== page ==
Dead jellyfish are like amorphous blobs on beaches. But they are wonderfully graceful in water with their bell-shaped forms complete with trailing tentacles. So it is no wonder artisans love to use the jellyfish as an inspiration in their designs. 

The techniques featured here range from beadwork to wirework and polymer clay.  First up is the gorgeous jellyfish beaded pattern and tutorial by Diana Balogh of DiasJewelryShop shown above I have featured this marvellously innovative beader before

The beautiful jellyfish bead embroidered pendant tutorial below is by SarahCryerBeadwork. Do check out Sarah's store as she has other lovely beadwork tutorials. 

The contemporary touch to Bettina's polymer clay jellyfish earrings tutorial is so pretty. She has many other innovative polymer clay tutorials in BettinaWelker. Another must visit!  I featured her work before here.

I have featured this talented wire artist before. LenaSinelnikArt never fails to impress as with her wire wrapped jellyfish pendant tutorial.

Nadja of ImbaliCrafts is another amazing wire artist and instructor whose work I have featured before. Nadja also combines wire with macrame - very few people do this. 

This one is her wire wrapped jellyfish pendant tutorial.  

The Immortal Jellyfish

The familiar shape of the jellyfish to us is really just one stage, called the medusa, in its life cycle. This is the adult or sexual stage..  The jellyfish starts off as a floating fertilized egg which then attaches to a rock or sea bottom and transforms into a larval form (planula). This then develops into a polyp which  then buds off immature medusae (ephyrae) which later develop into mature medusa.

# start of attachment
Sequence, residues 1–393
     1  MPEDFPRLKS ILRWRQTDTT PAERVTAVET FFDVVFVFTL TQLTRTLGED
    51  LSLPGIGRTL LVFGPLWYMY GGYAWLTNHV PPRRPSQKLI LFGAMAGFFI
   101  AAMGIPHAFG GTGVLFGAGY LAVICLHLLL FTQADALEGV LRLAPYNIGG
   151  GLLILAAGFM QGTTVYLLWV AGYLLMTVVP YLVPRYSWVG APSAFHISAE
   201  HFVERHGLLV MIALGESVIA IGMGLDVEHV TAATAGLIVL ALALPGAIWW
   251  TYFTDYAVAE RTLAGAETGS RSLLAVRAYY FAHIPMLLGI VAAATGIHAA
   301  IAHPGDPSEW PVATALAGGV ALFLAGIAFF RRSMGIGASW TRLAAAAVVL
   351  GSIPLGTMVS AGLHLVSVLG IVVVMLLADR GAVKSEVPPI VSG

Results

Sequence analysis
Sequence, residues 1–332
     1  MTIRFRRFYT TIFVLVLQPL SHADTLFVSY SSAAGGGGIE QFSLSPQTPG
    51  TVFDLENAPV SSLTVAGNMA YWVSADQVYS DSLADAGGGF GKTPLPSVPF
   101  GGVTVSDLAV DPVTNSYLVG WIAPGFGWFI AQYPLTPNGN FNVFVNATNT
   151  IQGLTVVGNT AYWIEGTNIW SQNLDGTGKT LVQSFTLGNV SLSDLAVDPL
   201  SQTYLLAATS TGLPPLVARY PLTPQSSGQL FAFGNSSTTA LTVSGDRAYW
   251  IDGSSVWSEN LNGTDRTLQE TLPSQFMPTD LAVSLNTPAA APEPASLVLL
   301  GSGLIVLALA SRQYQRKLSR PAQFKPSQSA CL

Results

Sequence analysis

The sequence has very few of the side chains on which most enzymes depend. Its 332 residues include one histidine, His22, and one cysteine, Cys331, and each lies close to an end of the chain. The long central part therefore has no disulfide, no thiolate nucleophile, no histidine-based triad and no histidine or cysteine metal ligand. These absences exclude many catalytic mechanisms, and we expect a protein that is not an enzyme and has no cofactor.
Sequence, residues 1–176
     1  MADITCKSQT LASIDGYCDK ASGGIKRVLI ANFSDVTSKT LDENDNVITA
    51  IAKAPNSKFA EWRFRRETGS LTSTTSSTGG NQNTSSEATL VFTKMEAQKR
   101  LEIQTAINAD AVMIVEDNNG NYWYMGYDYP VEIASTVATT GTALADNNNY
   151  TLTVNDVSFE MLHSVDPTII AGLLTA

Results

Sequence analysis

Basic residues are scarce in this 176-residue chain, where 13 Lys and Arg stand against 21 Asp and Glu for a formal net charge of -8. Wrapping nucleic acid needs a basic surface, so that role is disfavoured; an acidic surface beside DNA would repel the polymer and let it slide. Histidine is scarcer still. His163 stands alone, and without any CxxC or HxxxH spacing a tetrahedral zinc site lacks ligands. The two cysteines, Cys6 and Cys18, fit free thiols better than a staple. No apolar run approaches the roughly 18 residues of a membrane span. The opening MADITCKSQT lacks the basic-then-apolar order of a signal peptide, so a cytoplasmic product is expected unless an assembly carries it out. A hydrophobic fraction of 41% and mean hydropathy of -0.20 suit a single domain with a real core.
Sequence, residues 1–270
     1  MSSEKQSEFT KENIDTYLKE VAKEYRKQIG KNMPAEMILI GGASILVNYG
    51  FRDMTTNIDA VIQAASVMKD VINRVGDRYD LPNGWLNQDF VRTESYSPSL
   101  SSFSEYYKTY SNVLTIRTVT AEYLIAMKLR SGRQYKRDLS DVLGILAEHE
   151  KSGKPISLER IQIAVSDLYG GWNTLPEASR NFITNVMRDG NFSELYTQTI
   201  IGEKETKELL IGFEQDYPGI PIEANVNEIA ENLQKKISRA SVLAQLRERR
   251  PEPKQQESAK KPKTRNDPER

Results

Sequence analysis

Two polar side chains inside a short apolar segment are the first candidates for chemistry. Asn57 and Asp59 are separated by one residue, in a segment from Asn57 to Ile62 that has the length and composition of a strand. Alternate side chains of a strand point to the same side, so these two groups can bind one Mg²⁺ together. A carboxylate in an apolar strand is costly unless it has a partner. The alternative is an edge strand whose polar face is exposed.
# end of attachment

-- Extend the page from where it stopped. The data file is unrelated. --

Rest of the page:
Picture Source : Smithsonian Ocean

One really remarkable jelly fish is the very tiny (0.18 inch) Turritopsis dohrnii originally found in the Mediterranean in the 1880s but now found worldwide. 

It's the only species which is biologically immortal. This jellyfish is capable of reverting to an earlier stage if it is injured or is environmentally threatened i.e. starving. It becomes a tiny blob of tissue which becomes a polyp again. This is akin to a butterfly reverting back to its caterpillar form or a frog back to a tadpole!

So by changing between forms in response to stress or harm, it can live forever.

This form of cell recycling called transdifferentiation intrigues stem cell research scientists as they look for ways to replace cells damaged by disease which may, in the future, include gene therapy and regenerative medicine.

Picture Source : American Museum of Natural History

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Original Post by THE BEADING GEM